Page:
Sacred Texts  Native American  California  Index  Previous  Next 

Religious Practices of the Diegueño Indians, by T.T. Waterman, [1910], at


Gambling among the Diegueño as among many primitive peoples has so much of the formal in it, and so many "charms" connected with it, that it becomes almost a religious observance.

Figure 3.—Diegueño women's dice from Campo. Mus. No. 1-14483.
Click to enlarge

Figure 3.—Diegueño women's dice from Campo. Mus. No. 1-14483.

p. 330

[paragraph continues] The Diegueño play at the present time several gambling games. Some of these have been introduced by the Mexicans and Americans. A four-dice game (fig. 3) is said to have been learned from the Mohave. The large, flat wooden "dice "with which it is played are found only among the southern Diegueño, who are nearest the influence of the Mohave and other eastern tribes of the Yuman family. A gambling game with stick and hoop, in which the player tries to throw the stick through the hoop while rolling, is mentioned in Diegueño mythology. 123 This game is no longer played. There is a game played by the Diegueño at the present day, however, which is believed by them to be of ancient origin. This game, called "peon," in Diegueño homarp, is mentioned in the Chaup myth. 124 It is the only game among the Diegueño which is played ceremonially. 124a

The game is played by two sides of four players each. Each individual is provided with two small cylindrical objects of bone or wood, similar except that one has a black band around the middle. These cylinders or "peons," in Diegueño nyumumarpai, are clasped one in each fist of the player. One side guesses in which hand the other side hold their white peons.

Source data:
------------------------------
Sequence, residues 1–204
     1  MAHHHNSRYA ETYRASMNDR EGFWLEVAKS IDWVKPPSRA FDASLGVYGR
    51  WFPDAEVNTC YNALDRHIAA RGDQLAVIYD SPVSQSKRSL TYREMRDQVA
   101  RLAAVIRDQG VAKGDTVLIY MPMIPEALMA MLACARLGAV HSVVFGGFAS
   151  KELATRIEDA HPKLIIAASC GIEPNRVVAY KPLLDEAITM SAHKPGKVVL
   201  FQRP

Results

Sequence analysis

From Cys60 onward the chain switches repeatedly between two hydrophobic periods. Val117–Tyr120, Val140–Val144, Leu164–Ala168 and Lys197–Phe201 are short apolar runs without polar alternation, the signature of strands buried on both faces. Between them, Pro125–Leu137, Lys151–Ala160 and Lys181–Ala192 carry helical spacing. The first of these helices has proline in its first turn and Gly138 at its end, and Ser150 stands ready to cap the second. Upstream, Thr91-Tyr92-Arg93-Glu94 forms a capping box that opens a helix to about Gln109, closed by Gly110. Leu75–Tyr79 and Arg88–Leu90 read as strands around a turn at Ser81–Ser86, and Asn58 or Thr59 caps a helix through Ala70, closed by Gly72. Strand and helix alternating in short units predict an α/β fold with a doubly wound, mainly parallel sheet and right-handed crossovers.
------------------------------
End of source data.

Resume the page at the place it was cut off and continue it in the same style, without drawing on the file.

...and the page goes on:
These guessing bones are of course a familiar gambling device along the whole Pacific coast. In the method of play, however, followed by the Diegueño, the players are not considered as individuals. The side only is considered in the guessing. The players making the guess agree together, and one man offers the resulting conclusion as their joint guess. So also the other side is looked upon not as individuals but as a unit. The "guess" applies to all equally. At the beginning of the game lots are drawn to determine which side is to begin the guessing and which side shall act on the defensive. After that, every player who is correctly guessed must surrender his peons for the time being to the player opposite him. When all the pairs of peons have been won from the players of the first side, the losing side must begin to guess, the winning side taking the

p. 331

defensive. For every bad guess, the players acting on the defensive get one point.

The peons are adjusted to the wrists of the players by means of leather thongs, to prevent any sleight-of-hand work at the critical moment. When adjusting the peons the players cover their hands with a blanket, the edge of which they hold in their teeth. Before dropping the blanket they fold their arms, to hide the peons still further. The guessing is indicated by pointing. Pointing with one finger indicates that the white peon is believed to be in the hand pointed at. Pointing with two fingers implies that the peon is believed to be in the opposite hand. The guess is merely a "trial," however, unless the player commits himself to it by a spoken word.